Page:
• Other groups (Grow Local & Tumpinyeri Growers): 6 people

Paul & Kyrun conducted Tanderrum (Welcome to Country) followed by a cultural competency session which gave an overview of Djaara culture & history, exploring the ongoing impacts of colonisations and Djaara aspirations for the future.

The presentation was eye-opening. Paul and Kyrun were open about their personal journeys of trying to piece together histories and learn more about past events within their own families and communities. 

We appreciate their generosity in bringing the program to communities like ours even though discussing the reality of colonisation and its profound impact on families and culture reopens old wounds. The harsh reality is that massacres happened, people were displaced, culture was destroyed and languages have disappeared.

Attendees were encouraged to ask questions and have dialogue about good ways to work on this country, including better understanding cultural heritage, and how to approach Djaara. 

The group then walked on the farm and discussed Galkangu and Galk-Galk Dhelkunya, with a particular focus on Djaara aspirations for how Leanganook could be managed in the future and how HOFC might support those aspirations. 

A group of people stand under gumtrees listening to a Djaara presenter

This workshop laid the foundation for better relationships with Djaara, along with the possibility of further collaboration and ideas for cultural uses of the land at HOFC. 

The approach to managing country shared by Djaara was inspiring and galvanising for the whole group. It’s clear from reflections following the day that there will be ongoing impacts on how we see our relationship with this land and with Djaara as the role of HOFC evolves. 

One of the most practical outcomes of our new relationship with Djaara has been the inclusion of some specific reconciliation goals in our Whole Farm Plan. 

Including Djaara in our Whole Farm Plan

Under the broad goal of “Supporting Djaara leadership and management at Leanganook”, some key immediate actions emerged for HOFC to incorporate allyship and solidarity with Djaara into our practice. They are: 

  • Use HOFC public profile to support Djaara aspirations for management of Leanganook. This could take the form of an updated Acknowledgement of Country to be used in public, on tours, and on our website:
    We acknowledge that we live and farm on Djaara country, and that sovereignty on this land has not been ceded. We pay our respects to the Dja Dja Wurrung people as the traditional custodians of this land, and to their Elders past, present, and emerging. In particular, we acknowledge the enduring spiritual significance of this place, Leanganook, to the Dja Dja Wurrung people. We are grateful to Djaara for their leadership and commitment to working towards Djaara management of Leanganook. In solidarity, we also acknowledge the Traditional Custodians of Country throughout so-called Australia and their connections to land, sea, and community. We pay our respect to their Elders past and present and extend that respect to all Aboriginal and Torres Strait Islander peoples today. We would also like to acknowledge the generous contribution of First Nations people to the Harcourt Organic Farming Co-operative. First Nations Sovereignty, healthy country, and healthy food systems are inextricably connected and we will continue to strive to reinforce and strengthen this connection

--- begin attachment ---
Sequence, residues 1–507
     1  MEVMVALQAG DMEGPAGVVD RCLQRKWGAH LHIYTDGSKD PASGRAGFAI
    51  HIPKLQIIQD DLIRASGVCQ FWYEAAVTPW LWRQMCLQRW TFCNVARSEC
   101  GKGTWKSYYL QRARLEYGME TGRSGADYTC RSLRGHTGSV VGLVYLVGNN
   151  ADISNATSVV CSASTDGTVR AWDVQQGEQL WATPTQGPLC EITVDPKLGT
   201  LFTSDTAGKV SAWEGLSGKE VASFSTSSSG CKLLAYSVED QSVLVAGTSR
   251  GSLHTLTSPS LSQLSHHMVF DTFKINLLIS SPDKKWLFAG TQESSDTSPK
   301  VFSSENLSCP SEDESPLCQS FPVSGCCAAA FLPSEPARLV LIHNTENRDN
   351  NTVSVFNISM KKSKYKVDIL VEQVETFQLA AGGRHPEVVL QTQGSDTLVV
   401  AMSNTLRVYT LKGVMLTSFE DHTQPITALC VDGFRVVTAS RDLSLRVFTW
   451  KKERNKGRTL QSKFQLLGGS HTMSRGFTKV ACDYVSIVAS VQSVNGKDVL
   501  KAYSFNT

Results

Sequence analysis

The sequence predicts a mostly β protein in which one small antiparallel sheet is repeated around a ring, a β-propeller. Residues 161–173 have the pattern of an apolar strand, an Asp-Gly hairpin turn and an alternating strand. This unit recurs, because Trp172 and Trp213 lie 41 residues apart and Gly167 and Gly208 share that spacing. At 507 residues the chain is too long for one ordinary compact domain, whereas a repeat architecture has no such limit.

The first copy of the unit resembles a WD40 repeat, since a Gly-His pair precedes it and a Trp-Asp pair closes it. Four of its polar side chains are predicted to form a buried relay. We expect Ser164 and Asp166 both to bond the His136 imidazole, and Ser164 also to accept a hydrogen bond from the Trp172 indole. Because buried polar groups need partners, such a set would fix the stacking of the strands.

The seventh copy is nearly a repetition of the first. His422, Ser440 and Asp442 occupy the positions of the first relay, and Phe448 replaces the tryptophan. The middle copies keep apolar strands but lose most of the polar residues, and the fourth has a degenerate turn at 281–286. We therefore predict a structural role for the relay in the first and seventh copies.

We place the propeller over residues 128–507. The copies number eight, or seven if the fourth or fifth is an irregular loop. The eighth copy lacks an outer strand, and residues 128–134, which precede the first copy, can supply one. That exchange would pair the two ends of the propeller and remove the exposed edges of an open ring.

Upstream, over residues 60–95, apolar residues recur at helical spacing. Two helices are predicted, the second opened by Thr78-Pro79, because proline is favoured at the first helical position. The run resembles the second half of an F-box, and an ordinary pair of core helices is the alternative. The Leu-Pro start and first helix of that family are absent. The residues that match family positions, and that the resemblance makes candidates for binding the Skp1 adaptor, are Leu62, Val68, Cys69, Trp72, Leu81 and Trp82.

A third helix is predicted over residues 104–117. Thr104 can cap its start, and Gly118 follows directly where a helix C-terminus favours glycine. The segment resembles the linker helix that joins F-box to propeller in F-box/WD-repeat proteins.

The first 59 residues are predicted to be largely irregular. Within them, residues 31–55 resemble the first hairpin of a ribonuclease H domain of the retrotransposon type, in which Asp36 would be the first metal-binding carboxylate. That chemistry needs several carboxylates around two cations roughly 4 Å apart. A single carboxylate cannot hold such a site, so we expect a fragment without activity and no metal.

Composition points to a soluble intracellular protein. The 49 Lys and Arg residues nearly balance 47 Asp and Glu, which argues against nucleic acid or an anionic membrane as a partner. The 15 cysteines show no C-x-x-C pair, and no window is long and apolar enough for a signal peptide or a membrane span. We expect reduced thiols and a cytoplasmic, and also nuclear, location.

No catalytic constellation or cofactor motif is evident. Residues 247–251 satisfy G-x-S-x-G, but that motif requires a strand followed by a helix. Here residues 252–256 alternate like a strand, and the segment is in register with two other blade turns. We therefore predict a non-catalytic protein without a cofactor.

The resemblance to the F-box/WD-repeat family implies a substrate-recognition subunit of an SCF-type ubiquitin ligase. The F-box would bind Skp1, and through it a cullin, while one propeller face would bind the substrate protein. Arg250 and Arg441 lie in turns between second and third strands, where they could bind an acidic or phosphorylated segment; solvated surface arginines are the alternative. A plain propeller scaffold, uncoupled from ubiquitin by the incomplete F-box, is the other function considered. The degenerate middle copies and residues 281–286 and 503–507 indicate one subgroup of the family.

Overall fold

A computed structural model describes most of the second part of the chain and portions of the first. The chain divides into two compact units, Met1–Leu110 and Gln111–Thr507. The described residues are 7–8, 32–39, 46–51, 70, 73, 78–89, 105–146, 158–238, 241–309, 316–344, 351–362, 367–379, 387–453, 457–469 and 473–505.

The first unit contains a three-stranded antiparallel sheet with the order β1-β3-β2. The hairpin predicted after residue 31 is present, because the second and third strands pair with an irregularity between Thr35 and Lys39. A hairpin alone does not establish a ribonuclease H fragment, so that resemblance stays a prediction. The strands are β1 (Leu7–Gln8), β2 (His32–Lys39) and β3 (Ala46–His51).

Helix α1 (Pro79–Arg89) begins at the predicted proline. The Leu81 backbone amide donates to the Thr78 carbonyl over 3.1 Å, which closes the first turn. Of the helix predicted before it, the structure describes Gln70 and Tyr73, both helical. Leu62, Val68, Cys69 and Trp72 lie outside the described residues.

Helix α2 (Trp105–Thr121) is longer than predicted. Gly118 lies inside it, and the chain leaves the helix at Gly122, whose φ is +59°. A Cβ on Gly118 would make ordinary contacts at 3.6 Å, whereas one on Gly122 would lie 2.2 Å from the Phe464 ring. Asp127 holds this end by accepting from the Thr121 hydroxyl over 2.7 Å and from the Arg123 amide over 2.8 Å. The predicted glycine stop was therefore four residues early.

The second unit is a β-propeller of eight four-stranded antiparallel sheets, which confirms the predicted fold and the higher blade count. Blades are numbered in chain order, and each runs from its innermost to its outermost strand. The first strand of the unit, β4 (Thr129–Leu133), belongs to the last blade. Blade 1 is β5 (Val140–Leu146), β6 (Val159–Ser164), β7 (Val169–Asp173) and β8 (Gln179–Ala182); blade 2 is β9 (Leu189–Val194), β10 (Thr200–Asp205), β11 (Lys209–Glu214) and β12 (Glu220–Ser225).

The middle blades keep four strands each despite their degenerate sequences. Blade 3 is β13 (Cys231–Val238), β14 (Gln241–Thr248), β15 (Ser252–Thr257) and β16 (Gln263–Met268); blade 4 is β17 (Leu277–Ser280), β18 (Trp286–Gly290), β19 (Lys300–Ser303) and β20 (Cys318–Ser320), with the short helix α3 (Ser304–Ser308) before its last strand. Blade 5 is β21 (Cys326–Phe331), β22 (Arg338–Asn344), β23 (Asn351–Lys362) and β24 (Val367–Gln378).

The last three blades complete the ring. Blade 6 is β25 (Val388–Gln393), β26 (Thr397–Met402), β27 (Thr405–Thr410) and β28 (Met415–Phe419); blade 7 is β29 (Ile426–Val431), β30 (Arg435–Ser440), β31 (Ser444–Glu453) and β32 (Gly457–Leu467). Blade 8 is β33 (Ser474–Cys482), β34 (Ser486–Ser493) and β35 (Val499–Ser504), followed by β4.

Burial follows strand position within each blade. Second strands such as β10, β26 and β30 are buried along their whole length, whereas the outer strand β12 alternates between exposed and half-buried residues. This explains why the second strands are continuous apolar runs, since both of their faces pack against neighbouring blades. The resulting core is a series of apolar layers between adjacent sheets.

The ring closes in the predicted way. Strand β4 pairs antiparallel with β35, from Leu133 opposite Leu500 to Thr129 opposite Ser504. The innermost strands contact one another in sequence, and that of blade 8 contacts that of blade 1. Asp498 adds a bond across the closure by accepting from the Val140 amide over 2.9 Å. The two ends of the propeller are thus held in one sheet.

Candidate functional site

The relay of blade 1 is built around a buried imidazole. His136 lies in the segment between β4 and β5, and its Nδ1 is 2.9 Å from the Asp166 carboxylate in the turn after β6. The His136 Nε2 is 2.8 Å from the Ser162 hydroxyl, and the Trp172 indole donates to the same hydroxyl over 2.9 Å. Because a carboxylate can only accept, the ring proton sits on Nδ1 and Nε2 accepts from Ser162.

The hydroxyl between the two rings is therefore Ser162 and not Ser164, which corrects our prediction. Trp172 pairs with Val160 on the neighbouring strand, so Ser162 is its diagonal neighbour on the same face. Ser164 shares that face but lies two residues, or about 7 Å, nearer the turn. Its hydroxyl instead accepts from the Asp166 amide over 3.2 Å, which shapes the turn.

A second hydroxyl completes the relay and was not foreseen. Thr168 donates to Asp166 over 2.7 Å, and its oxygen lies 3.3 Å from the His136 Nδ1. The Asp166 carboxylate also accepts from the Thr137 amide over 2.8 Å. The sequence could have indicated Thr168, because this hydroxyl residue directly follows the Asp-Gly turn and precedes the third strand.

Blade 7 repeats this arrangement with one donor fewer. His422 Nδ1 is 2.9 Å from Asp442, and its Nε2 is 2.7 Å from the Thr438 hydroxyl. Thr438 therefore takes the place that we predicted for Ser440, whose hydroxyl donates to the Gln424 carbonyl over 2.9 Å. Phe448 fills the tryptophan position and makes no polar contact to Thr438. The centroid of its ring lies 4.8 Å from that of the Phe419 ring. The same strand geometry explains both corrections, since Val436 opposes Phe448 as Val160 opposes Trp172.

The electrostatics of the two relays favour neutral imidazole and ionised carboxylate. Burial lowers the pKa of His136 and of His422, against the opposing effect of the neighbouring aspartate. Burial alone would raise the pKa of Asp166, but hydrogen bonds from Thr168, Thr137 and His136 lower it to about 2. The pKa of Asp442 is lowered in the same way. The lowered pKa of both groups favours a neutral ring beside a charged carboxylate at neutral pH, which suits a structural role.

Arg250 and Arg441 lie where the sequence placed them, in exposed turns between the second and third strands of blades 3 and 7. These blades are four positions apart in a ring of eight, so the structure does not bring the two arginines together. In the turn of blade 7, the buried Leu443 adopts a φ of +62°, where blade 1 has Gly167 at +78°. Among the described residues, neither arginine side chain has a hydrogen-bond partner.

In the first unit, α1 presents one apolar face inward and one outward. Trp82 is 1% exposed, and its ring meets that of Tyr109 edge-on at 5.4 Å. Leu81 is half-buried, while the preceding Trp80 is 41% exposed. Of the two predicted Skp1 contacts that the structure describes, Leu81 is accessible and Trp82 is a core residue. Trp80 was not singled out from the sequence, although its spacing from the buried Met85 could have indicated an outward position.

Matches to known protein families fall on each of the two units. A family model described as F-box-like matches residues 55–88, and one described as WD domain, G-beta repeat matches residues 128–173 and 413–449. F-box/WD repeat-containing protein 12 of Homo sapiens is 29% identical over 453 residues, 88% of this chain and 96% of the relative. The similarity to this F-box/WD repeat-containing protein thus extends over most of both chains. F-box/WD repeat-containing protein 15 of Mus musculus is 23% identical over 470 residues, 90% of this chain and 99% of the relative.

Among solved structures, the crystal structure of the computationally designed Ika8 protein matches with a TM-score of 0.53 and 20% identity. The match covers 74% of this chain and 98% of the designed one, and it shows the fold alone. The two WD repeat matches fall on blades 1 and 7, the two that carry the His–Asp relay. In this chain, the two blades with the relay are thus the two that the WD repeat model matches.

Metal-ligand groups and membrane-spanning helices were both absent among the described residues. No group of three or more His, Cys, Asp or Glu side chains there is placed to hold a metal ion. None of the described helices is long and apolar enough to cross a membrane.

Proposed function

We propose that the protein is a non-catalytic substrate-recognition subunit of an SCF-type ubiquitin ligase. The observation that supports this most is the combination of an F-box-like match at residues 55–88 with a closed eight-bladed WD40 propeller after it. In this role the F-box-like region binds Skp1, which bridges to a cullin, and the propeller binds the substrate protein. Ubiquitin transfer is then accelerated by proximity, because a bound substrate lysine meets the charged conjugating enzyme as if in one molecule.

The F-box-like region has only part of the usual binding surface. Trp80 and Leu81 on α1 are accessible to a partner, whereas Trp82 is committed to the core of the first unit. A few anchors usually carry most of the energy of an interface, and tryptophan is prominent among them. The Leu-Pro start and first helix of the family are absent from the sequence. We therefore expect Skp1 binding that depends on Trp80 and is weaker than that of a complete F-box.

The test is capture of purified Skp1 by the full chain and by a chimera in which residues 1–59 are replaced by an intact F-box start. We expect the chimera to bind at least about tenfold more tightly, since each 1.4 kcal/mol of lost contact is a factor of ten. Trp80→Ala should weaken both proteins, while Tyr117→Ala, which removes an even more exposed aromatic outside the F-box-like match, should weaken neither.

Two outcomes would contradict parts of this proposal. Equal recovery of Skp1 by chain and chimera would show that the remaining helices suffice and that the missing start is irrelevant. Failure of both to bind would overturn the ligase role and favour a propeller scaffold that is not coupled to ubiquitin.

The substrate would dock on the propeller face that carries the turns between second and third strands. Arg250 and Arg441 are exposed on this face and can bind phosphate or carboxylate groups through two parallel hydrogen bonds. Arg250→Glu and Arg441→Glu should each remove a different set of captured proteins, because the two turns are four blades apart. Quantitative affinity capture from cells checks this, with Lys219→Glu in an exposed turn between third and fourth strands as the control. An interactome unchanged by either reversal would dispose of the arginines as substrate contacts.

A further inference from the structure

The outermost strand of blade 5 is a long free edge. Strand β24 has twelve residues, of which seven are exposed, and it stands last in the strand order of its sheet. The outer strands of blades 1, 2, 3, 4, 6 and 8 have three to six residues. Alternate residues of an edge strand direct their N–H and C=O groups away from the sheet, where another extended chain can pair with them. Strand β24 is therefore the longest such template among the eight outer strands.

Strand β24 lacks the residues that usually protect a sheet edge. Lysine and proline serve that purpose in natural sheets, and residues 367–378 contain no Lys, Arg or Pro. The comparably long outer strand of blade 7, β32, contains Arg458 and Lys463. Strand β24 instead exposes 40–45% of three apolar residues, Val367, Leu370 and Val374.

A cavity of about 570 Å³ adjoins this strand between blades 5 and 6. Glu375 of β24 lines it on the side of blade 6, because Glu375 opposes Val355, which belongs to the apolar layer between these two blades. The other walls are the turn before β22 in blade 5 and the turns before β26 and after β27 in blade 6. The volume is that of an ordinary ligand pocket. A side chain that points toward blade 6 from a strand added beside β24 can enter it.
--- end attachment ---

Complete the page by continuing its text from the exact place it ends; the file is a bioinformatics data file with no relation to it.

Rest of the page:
• Act as a conduit to the Djaara website and resources
    • Link to Djaara pages on our website 
    • Display Djaara resources (e.g. Galk-galk Dhelkunya Dja document in our farm shop) 
    • Link to Djaara pages and other local orgs like Nalderun in our email comms
  • Seek out, promote, and avail ourselves of opportunities for further cultural awareness learning opportunities (Uncle Rick’s Waaman tours, Dumawul tours in Bendigo, exhibitions etc) 
  • Allow time and patience for pace of collaboration – good things take time, and it’s important to value the cultural importance of taking things slowly. 
  • Continue taking steps to encourage use of land at HOFC for cultural purposes, building on relationships formed with Djaara. Be the people to reach out to contacts at Djaara (due to their limited resources and time) to offer space for cultural use of this land. 

In the medium to long term, other actions that could be taken by HOFC & members include: 

  • Ensure all future funding proposals incorporate resourcing for working with Djaara and other First Nations people, along with continuing to Pay the Rent
  • We might not know how to get there right now, but we hope that some of the above actions would mean that one day, we see emus return to Leanganook. 

Our understanding of the history of the land where we live, farm, and host the coop has changed completely since we first moved back to the farm.

We still feel like we’re at the very beginning of understanding the long, rich, cultural history of this land and the people who have lived here for many thousands of years, but we’re so pleased that we’ve taken the first few steps.